Thursday, October 8, 2015

Hike world’s longest known cave system

Flowstone at Frozen Niagara. Photo courtesy of Mammoth Caves NPS.
Cave map, courtesy Mammoth Cave NPS.

Grand Avenue Tour runs 4 miles at Mammoth Cave


Day hikers can explore the world’s longest known cave system on the Grand Avenue Tour at Mammoth Cave National Park.

More than 400 miles of explored caves sit beneath the surface of southcentral Kentucky. The National Park Service offers a variety of tours of the caves, but perhaps the best – and certainly the most physically demanding – is the Grand Avenue Tour. It covers 4 miles with 700 stairs along the way; because of this, children must be at least six years old to go on the hike.

To reach the trailhead, from Interstate 65 take Exit 48 in Park City, Ky. Travel north on Park City Road/Ky. Hwy. 255. Turn left/northwest onto Mammoth Cave Parkway/Ky. Hwy. 70. The parkway splits from Hwy. 70; at this split, follow the parkway right/north to the visitor center. From there, a bus transports you to the Carmichael Entrance.

Not a natural entrance, it was blasted open during the 1920s. The trail starts with a walk of nearly 200 steps down. Among the first sights is the Rocky Mountains, which are tall piles of broken rocks.

Snowball Room
From there, the tour enters a mile-long section known as Cleaveland Avenue. Elliptical in shape, the walls are encrusted with white gypsum that forms interesting, flower-like shapes.

Next up is the Snowball Room where hikers can dine underground and use restrooms. Located 26 stories below the surface, the gypsum on the ceiling forms round shapes reminiscent of snowballs.

After the break, hikers enter the section known as Boone Avenue, a narrow, twisting passageway carved by water. Among the geological features are Mary's Vineyard, Thorpe's Pit (named for athlete Jim Thorpe), the Rock of Gibraltar, Alice's Grotto, and the Grand Canyon.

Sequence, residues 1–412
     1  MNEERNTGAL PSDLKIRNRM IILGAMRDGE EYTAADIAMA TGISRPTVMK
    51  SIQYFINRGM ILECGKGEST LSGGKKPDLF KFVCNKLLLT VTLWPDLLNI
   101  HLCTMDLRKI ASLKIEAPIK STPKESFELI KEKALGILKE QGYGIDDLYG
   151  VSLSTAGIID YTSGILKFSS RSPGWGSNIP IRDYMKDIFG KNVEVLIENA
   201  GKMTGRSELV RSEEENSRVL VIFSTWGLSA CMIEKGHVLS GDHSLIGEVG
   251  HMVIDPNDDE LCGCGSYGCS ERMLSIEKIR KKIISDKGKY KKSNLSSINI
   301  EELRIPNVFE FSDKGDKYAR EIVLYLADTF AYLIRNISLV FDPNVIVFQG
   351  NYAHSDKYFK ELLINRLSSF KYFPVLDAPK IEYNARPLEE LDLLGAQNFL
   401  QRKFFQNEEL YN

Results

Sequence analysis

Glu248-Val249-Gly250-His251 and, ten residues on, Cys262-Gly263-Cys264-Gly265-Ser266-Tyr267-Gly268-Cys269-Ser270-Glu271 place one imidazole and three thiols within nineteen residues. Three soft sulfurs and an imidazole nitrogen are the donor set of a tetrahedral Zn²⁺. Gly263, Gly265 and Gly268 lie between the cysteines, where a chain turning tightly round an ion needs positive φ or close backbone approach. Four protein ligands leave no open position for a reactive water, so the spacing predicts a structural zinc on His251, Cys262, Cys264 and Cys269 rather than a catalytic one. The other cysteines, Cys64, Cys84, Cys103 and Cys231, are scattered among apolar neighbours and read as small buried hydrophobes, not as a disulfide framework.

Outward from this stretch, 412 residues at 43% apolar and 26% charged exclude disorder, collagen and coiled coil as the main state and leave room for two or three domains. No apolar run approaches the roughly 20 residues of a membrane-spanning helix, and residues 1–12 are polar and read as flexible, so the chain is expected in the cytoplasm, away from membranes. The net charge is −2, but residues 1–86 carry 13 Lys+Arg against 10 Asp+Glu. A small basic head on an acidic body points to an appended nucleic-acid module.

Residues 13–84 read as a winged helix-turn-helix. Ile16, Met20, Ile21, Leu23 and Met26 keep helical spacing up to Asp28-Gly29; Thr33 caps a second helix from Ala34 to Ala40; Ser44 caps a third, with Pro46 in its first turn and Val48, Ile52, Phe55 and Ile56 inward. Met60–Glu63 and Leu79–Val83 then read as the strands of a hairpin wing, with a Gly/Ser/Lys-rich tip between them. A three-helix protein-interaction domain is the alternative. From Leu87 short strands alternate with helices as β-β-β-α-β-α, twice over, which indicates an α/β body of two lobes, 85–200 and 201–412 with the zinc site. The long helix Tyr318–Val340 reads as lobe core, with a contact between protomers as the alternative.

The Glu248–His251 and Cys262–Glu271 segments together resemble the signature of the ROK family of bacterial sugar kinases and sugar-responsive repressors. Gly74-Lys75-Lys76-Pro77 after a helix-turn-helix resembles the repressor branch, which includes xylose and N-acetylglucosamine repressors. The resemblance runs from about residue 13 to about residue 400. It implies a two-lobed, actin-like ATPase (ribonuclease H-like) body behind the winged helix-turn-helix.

Following the passageway is a hilly section known as Kentucky Avenue. The rough terrain is due to rock fall from the cave roof. Among the highlights is Mount McKinley, which at 19 stories below the surface is the highest point of the fallen rock hills. Restrooms also can be found nearby.

Frozen Niagara
Next comes the wide open room nicknamed Grand Central Station and then Frozen Niagara, which at 130 feet below the surface is perhaps the cave’s most famous rock formation. Frozen Niagara consists of a flowstone formation and stalactites draped over layered limestone.

Nearby sights are the Drapery Room, the deep pit known as Crystal Lake, and Moonlight Dome. The tour ends at the Frozen Niagara Entrance with a bus taking hikers back to the visitor center.

Mammoth Cave has long been a popular destination. Humans first entered the cave system at least 4000 years ago, and modern tours have been given since 1816. These days, though reservations are not required, they are highly recommended and cannot be made the same day of a tour.

Also note that there are a number of cave restrictions. Among them: No strollers, child carriers, large trekking backpacks, or flash photography are permitted on the tour.

Learn about trail guidebooks available in the Hittin’ the Trail series.